The official student newspaper of The Hockaday School

The Fourcast

The official student newspaper of The Hockaday School

The Fourcast

The official student newspaper of The Hockaday School

The Fourcast

News
Anjy Fadairo, Web Editor-in-Chief • June 17, 2024

In May of 1979, following years of effort from Senator Daniel Inouye of Hawaii and Representative Frank Horton of New York, the United States...

Ms. Day speaks to Hockaday students as well as other students in the Dallas area as part of her role to involve Hockaday students in the community and lead them to fulfill their purpose.
Jade
A day with Ms. Day
Sarah Moskowitz and Melinda HuMay 19, 2024

How did you get your start in social impact? Day: Out of college, I decided to do a year in a program called The Jesuit Volunteer Corps. It...

Lone Star Royalty Q&A
Jade
Lone Star Royalty Q&A
Lang Cooper and Mary Bradley SutherlandMay 17, 2024

What initially interested you in beauty pageants? Roberts: When I was six I joined the Miss America Organization. This program is for girls...

Senior Splash Day
Senior Splash Day
May 13, 2024

Hands-On Bio Exploration

Crowley introduces new semester class
One+of+the+outdoor+classrooms+used+by+the+conservation+biology+class
Jessica Boll
One of the outdoor classrooms used by the conservation biology class

The new conservation biology class, piloted by Jessie Crowley, focuses on learning different biology concepts through hands-on learning.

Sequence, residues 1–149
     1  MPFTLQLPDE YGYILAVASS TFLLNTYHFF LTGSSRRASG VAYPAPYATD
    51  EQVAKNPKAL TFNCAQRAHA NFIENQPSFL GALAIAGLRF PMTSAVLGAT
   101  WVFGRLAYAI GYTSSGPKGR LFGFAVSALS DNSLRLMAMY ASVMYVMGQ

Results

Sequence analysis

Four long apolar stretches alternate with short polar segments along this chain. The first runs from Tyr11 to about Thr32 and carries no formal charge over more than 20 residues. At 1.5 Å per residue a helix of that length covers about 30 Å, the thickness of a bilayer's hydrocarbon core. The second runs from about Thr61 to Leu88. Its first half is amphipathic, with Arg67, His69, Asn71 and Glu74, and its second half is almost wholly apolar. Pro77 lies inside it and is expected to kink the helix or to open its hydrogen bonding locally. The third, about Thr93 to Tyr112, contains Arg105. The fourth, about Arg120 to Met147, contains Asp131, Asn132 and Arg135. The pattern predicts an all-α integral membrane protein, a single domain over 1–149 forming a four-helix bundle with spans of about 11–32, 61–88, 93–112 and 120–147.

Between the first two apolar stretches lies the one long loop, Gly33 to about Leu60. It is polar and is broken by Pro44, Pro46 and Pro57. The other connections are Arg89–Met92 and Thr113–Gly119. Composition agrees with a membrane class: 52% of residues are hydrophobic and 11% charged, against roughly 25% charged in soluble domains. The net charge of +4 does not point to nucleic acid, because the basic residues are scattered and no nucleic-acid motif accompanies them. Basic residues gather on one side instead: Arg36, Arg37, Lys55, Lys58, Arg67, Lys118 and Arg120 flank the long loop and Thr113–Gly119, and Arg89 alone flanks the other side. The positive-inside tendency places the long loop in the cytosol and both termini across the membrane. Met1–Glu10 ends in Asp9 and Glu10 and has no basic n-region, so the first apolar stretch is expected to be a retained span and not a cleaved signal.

“Kids learn more when they are actually doing it,” said Crowley, who was previously a specialist in informal education at the Perot Museum. 

The Perot Museum is most recognized for their effective hands-on exhibits.  

“We have always had things that they could touch or manipulate or design,” Crowley said. “I really think that, overall, students take a lot more from those experiences.” 

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Applying what she observed at the Perot, Crowley brings the same beneficial experiences to Hockaday to teach biology concepts in an unconventional, but impactful way.  

The class, open to juniors and seniors, is for one semester. 

According to the Upper School Course Selection catalog, students learn a variety of topics which include threats to biodiversity, environmental policy, techniques used in studies of ecology, and analysis of current case studies in conservation biology.   

The Hockaday campus sits on the Blackland prairies, which is a Texas ecological region that has less than one percent remaining, and one of the contributing factors to the region’s decline is the lack of biodiversity. 

Looking at biology through the lens of conservation, students can create their very own “Pocket Prairie” in the new outdoor classrooms, which were also introduced this year as a part of the new athletic facilities. 

“Throughout the course, we’ve been learning about the ecology of Blackland prairies and food webs,” Crowley said. “The groups can think about conservation goals that they might have in mind in terms of what plants they’re going to select.”  

After creating a goal, students can later create and execute their plan on campus, providing a positive impact to the natural areas surrounding campus.  

Crowley thinks that the new course will help students be more curious and open to exploration.  

“I think the class will give students the tools to explore nature wherever they are,” Crowley said, “not only to explore it but to ask questions about how we are using this area and better ways that we can be more sustainable as a race of humans.”

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About the Contributor
Jessica Boll
Jessica Boll, Staff Writer